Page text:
Wellington Daily News
The Wellington High School Crusaders of the Stage stepped into a serious production over the weekend with their show “Unexpected Tenderness.”
Wellington High School Drama teacher Dorathea Kelly said she and several of her students saw the play during an International Thespians conference and knew right away they wanted to do it when the right cast was assembled. Kelly approached principal, Adam Hatfield, and Superintendent Mark Whitener, about the play. She informed them due to the seriousness of the content she would limit the cast to juniors and seniors, as they would be more mature to handle the material.
“I told them (Hatfield and Whitner) that we would like to make it a social issue thing,” Kelly said. “We added the domestic hotlines, and, I told them this is real life. We have kids that are looking at going to college and maybe becoming professional actors, and they need this experience.”
The story follows a Jewish family in the late 1950’s as deal with the father/husband’s jealous tendencies and abusive behavior.
Though the play started out with some mild comedic flair, this was not a comedy. The serious undertones of the young Roddy, Jacob Michaelis, dealing with his speech on fear helps the character deal with the trauma he and his family are going through.
Monologues throughout the story by both young Roddy and Roddy (elder), Matthew Sinnett, give the show the underlying emotional depth. How both are dealing with the situations at hand and how they reflect on what has happened.
Sinnett also plays ‘Archie’, the father, who’s jealous suspicious nature keeps him away from work. He uses that time to peer through the window to see what is happening in his house.
This spying, causes an uneasy, walking on egg shells feeling within the household. Add to that, the three generations living under one roof, as ‘Archie’s’ parents, ‘Jacob and Haddie’ are also living with them.
Tender moments occur during different scenes between ‘young Roddy’ and his grandparents, John Mayo and Lizzy Santana, as they explain why things are the way they are.
‘Haddie’ explains in one scene that the men in the family are crazy people and that there is a family trait of abuse.
“She says it’s the family disease,” Kelly said. “That’s very true as well. Domestic violence is usually learned. We find more and more often that sons learn that type of behavior from their fathers, girls see that growing up and gravitate towards that type of man.”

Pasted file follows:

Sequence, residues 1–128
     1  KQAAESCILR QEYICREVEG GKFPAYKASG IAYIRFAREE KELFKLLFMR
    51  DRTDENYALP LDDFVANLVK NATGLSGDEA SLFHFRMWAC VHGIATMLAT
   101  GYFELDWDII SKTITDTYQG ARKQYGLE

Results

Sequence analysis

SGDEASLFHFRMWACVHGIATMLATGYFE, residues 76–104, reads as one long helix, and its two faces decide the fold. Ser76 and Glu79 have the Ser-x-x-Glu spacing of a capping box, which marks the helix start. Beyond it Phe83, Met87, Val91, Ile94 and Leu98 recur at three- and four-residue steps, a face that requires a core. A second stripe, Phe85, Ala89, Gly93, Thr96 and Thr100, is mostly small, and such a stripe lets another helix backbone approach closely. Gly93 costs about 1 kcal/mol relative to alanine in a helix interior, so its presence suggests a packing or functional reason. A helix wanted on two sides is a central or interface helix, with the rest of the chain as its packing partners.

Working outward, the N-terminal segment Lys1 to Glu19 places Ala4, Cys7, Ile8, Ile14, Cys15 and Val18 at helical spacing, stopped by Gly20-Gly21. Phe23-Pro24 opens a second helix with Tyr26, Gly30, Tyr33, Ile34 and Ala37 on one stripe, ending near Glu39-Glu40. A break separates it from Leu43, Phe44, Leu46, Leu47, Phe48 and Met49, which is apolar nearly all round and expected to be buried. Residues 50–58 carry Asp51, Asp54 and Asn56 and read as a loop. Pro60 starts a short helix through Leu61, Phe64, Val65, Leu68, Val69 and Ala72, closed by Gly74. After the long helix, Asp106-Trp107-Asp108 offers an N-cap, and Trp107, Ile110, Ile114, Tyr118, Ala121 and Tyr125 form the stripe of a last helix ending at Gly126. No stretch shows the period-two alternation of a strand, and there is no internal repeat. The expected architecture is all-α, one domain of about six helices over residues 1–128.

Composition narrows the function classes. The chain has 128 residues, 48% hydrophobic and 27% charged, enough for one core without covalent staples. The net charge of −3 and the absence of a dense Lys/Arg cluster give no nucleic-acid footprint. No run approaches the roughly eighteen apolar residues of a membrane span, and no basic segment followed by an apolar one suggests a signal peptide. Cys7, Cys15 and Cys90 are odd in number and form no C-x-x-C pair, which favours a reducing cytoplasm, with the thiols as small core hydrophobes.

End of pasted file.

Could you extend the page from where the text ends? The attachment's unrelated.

The seriousness of the content shown comes to a climax in the end, when ‘Archie’s’ friend ‘Willie’, David Matlock, comes to the house uninvited instead of going to work. ‘Willie’ attempts to have his way with ‘Mollie’, who he claims has been teasing him sexually for some time.
‘Archie’ walks in on this, to which ‘Wille’ quickly blames ‘Molly’ knowing the jealous nature of ‘Archie.’
‘Molly’ is punished for her transgressions against ‘Archie’ and decides she has had enough.
After the show Friday, there were some mixed emotions. Happiness to see the students perform, and anger at them as well.
The Pacchelli’s were in the audience and saw their daughter being abused. This caused some personal feelings to develop.
“I just cried and cried, Dana Pacchelli said.
“I think it’s nice that the school allows them to do something like this,” Brian Pacchelli said. “I told her that I’d kill anyone that did that to her in real life.”
Also in attendance was Matthew Sinnett’s mom Julie.
“I don’t know if I like him in the play, but I’m proud of him,” Julie said. It’s good because it’s showing how round of an actor he is becoming. It was intense. you felt it. You can’t walk away saying that you didn’t feel something.”
That was what Kelly and cast said they wanted from the audience, when interviewed several weeks ago. They wanted the audience to be able to leave learning that there is hope, an escape and people that really care about the victims of domestic violence.
As the crew tears down the set next week they will begin preparing for the final show of the 2016-17 school year with a performance of ‘Pride and Prejudice’ in March.